Médoc and Graves, 2002

2002 produced a mixed bag of wines in what was an irregular year due to damp, cold conditions, with the best wines offering finesse, structure and refreshing acidity. Like 2004, it was not a year for up-front, blockbuster wines, and the finest wines came from the Médoc, as Cabernet Sauvignon fared better than Merlot.

A cool spring meant poor flowering and subsequent coulure and millerandage (poor fruit set resulting in small and varied size grapes respectively), particularly with the more fragile Merlot grape, and a cool, wet summer brought the constant threat of rot in Saint-Emilion and Pomerol. Bordeaux growers say that June makes the quantity of grapes and September the quality, and a cool June kept yields low, while lovely weather throughout September and October turned a potentially poor year into a good one.

As for pricing, like 2001, it is a great year for wine drinkers to secure a bargain rather than investors, especially when compared with the stratospheric pricing of vintages from 1995-2000. However, the wines are not as charming as 2001.

Bordeaux’s dry whites also had a goodish year, being crisp and fruity in style, while Sauternes had a good, strong year once again, with d’Yquem showing why it is one of the world’s finest wines. 

The wines

The Médoc fared the best of the vintage, but suffered from a lack of consistency. Despite the cool, wet growing season the warmest September for over a decade and a nice warm harvest period, it produced a small, yet healthy crop of fruit. Those producers who made the best of the year still managed to produce stylish, fresh, well-structured reds, with good ageing potential – wines for the patient connoisseur.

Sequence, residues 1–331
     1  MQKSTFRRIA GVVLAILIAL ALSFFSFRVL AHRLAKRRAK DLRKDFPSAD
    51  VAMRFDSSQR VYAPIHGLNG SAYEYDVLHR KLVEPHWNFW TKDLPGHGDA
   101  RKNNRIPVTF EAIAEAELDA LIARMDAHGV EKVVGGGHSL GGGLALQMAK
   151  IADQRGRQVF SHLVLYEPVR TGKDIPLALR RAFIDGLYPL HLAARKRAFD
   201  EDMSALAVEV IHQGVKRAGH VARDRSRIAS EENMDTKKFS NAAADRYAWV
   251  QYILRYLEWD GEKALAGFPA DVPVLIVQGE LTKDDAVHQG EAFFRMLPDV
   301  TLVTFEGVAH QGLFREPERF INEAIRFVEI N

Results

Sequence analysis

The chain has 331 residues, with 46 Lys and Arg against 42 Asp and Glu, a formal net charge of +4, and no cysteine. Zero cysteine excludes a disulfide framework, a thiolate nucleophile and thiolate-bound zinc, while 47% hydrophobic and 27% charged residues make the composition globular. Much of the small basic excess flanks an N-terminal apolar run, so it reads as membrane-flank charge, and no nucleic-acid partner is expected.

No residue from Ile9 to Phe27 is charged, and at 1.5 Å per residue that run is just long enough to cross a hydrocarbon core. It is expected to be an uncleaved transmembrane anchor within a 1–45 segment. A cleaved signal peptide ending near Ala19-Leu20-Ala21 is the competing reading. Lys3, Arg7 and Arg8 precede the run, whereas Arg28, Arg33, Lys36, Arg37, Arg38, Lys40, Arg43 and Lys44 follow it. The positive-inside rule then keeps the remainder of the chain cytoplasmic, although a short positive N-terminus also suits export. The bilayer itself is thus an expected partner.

In Margaux and the Graves, the reds were marginally less successful due to the higher percentages of Merlot in blends.

Médoc and Graves, 2002

2002 produced a mixed bag of wines in what was an irregular year due to damp, cold conditions, with the best wines offering finesse, structure and refreshing acidity. Like 2004, it was not a year for up-front, blockbuster wines, and the finest wines came from the Médoc, as Cabernet Sauvignon fared better than Merlot.

A cool spring meant poor flowering and subsequent coulure and millerandage (poor fruit set resulting in small and varied size grapes respectively), particularly with the more fragile Merlot grape, and a cool, wet summer brought the constant threat of rot in Saint-Emilion and Pomerol. Bordeaux growers say that June makes the quantity of grapes and September the quality, and a cool June kept yields low, while lovely weather throughout September and October turned a potentially poor year into a good one.

As for pricing, like 2001, it is a great year for wine drinkers to secure a bargain rather than investors, especially when compared with the stratospheric pricing of vintages from 1995-2000. However, the wines are not as charming as 2001.

Bordeaux’s dry whites also had a goodish year, being crisp and fruity in style, while Sauternes had a good, strong year once again, with d’Yquem showing why it is one of the world’s finest wines. 

The wines

The Médoc fared the best of the vintage, but suffered from a lack of consistency. Despite the cool, wet growing season the warmest September for over a decade and a nice warm harvest period, it produced a small, yet healthy crop of fruit. Those producers who made the best of the year still managed to produce stylish, fresh, well-structured reds, with good ageing potential – wines for the patient connoisseur.

In Margaux and the Graves, the reds were marginally less successful due to the higher percentages of Merlot in blends.

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